An overview on babysitting

An overview on babysitting

When you have children, a successful night out involves more than just a nice meal and good company. You also need someone to keep an eye on the children, and that's what a babysitter does.

A babysitter is paid to look after your children in your home. They can be the teenager from next door or a full-time babysitter from an agency. They can work for you on a regular basis, or just for special occasions when needed.

What is the difference between a nanny and a babysitter?

A nanny is an experienced person who provides child care as a living. They will usually have child care-related qualifications and training, and being a nanny will be their main job. A babysitter will often have another job or be studying, and may not be as experienced in child care as a nanny. Babysitting is not their main job, but they should still enjoy caring for children.

How to find a babysitter

Professional agencies provide casual or regular babysitters. These agencies will charge a fee, but they can access a wide range of babysitters, and the babysitters will have been checked before they are employed. Agencies have specific policies for completing reference and background checks on potential babysitters.

You can use our babysitter search to find a babysitter in your local area, or use our child care search to contact an agency directly with your child care requirements.

You could also ask your friends, family, neighbours and colleagues if they know of any good babysitters. If you are in a parents group or attend a playgroup, speak to the other parents. If your child is in child care, ask at the child care centre. The centre may be able to recommend someone, or some child care workers are able to do casual babysitting in the evenings or on weekends.

How do I choose a babysitter?

A babysitter is applying for an important job – looking after your child. You need to interview them and check their references so that you will feel comfortable with your choice. It doesn't have to be an intensive interrogation, but even if the babysitter is referred by an agency or a close friend, you should still ask questions about:

  • Their experience with babysitting children, and any qualifications (e.g. first aid)
  • Why they like babysitting
  • How they deal with emergencies and difficult situations
  • Their attitudes to discipline
  • How they will occupy and amuse the children

Ask as many questions as you need to feel that you can trust this person to look after your child. We have developed a Babysitter checklist to help you choose and prepare for a babysitter.

How much should I pay the babysitter?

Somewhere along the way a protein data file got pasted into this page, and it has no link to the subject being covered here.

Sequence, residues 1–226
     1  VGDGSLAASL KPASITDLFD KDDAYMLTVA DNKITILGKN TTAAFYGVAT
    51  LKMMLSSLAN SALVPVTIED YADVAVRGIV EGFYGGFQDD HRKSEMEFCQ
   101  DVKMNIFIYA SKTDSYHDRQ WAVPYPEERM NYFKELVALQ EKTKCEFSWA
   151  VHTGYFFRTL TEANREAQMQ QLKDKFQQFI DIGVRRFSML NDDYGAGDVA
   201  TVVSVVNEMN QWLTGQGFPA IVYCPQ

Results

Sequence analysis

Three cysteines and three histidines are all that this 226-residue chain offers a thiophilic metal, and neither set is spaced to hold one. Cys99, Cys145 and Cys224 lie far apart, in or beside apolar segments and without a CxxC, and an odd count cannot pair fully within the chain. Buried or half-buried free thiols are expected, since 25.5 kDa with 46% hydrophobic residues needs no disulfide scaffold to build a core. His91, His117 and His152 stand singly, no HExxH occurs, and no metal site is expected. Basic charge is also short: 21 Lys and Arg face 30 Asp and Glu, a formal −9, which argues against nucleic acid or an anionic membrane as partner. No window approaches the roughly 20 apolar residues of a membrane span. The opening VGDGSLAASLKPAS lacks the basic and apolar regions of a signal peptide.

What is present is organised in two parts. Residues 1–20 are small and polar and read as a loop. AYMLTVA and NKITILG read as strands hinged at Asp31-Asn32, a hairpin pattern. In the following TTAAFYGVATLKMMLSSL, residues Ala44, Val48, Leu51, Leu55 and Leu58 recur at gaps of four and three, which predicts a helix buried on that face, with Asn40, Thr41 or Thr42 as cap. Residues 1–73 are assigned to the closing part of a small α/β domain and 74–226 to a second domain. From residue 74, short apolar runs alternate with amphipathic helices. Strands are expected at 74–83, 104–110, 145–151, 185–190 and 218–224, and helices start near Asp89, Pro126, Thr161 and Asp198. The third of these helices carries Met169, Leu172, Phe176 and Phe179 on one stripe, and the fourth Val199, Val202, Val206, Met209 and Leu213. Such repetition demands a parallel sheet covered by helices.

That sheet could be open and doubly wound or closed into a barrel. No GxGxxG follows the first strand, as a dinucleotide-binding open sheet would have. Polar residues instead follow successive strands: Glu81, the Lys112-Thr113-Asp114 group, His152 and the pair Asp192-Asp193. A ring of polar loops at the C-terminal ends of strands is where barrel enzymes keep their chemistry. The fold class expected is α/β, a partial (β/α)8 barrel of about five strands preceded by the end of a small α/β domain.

How much you pay your babysitter depends on factors such as:

  • Their age and experience
  • How long they will be babysitting (e.g. a couple of hours or a full day)
  • How often they are needed (e.g. weekly / fortnightly)
  • What they are paid by other parents
  • When you need the care - there may be higher rates for holidays and evenings

If you are going through an agency, booking fees are usually around $25 to $35 per booking. You may also be charged a cancellation fee if you need to cancel the booking, and there may be a minimum number of hours per booking, which is generally 3 to 4 hours.

If you have found the babysitter yourself, a typical fee might be from $15 to $25 an hour.

According to the Fair Work Ombudsman, casual or ad hoc babysitters may fall under the independent contractor category, which means they negotiate their own fees and working arrangements and can work for more than one client at a time. 

As independent contractors, babysitters are not subject to the minimum wage or the National Employment Standards. 

How can I prepare the babysitter?

Before you leave the babysitter with your child, you need to ensure that they have all the important details:

  • Contact details for you, other family or friends and any emergency numbers
  • Information about schedules and routines, eg. feeding, sleeping
  • Information about any particular health issues or medication required
  • Your guidelines for discipline, television watching, games etc
  • Any house rules about visitors, phone and computer usage for the babysitter

Ideally, with a new babysitter, you should let your child meet them beforehand. You could arrange for them to come over for an hour or so earlier in the week, whilst you are also around. On the day they are babysitting, try to have a little time when you can ‘handover' to the babysitter, before you rush out the door. This means that you will have time to give them any special instructions.

Use our babysitter checklist to remind yourself of the information you should give your babysitter.

Now you can leave the house and enjoy a night out…

This child care article was last updated on Monday, 23 October 2017

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